I came to Nigeria with just a piece of luggage –Turkish International Colleges foundation coordinator

Behlul Fatih Basaran, coordinator of the Nigerian Turkish International Colleges' Foundation
Behlul Fatih Basaran, coordinator of the Nigerian Turkish International Colleges' Foundation


Date posted: October 1, 2016

Jide Babalola and Seun Akioye

For many Nigerians, it is hard to see the opportunities that abound in the country. Not so for some foreigners who thrive in spite of cultural, social and language challenges. JIDE BABALOLA and SEUN AKIOYE spoke to Behlul Fatih Basaran, coordinator of the Nigerian Turkish International Colleges’ Foundation, who shared his inspirational story.

When Behlul Basaran arrived Nigeria in 2000 from Turkey, he was armed with a single piece of luggage, an enthusiastic spirit and hope. Inside his luggage was his letter of scholarship for a university education from the Hizmet Movement, which had started building a relationship and foundation for quality education with Nigeria. It was a lone chance into a life of relevance, his only ticket to change his life.

But there are hurdles stacked against him; the most glaring being his complete lack of knowledge of the English language, a mode of communication if he was to study in Nigeria. “It was here I first learnt to speak the English language,” Basaran said.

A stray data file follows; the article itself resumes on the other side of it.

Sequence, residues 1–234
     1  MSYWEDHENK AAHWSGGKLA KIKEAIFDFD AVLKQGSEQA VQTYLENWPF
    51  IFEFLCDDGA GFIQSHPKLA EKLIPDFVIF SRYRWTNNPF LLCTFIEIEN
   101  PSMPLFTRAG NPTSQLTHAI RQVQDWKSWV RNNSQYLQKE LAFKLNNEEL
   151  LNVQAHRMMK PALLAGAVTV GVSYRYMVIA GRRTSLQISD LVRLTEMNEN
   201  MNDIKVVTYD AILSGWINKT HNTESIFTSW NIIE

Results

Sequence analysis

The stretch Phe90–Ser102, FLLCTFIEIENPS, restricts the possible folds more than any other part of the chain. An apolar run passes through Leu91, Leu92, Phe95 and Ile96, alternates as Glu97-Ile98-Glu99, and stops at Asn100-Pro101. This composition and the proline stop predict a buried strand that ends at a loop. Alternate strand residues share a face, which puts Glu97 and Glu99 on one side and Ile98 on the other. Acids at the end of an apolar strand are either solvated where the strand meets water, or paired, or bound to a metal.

It was a humbling experience for him. He had to begin to learn the new language from the alphabet and work his way up to learn enough for a place in the university. “I started from the elementary level because I did not understand the alphabet back then,” he said.

After years of perfecting his language, he was offered admission into Bayero University Kano (BUK) where he studied at first Physical Education before graduating with a Bachelors of Art in English (Education).

Today Basaran does not look like the man who couldn’t speak English in 2000. He has found fulfilment and joy in one of the most challenging countries in Africa. Now married with children, he has dedicated his life into giving back to the country that helped him find purpose.

Basaran’s life is involved in running the highly influential Nigerian Turkish International Colleges Foundation (NTICF), which was incorporated in 2013 and focuses on various charity activities, including education, health, water, support and renovation of orphanages, among others.

A life of charity

The light began to shine in Basaran’s face when he began to talk about charity and helping those in need. His life passion has found a perfect fitting in the ideology and mission of the NTIC Foundation.  “I count myself very lucky because the NTIC Foundation offered me a job that fulfils my personal passion for altruistic or humanitarian efforts. Nothing can be more fulfilling than seeing people happy.

“The job I am paid to do at NTIC Foundation by coordinating charity and humanitarian activities perfectly fits my character and the meaning that I find in life,” he said.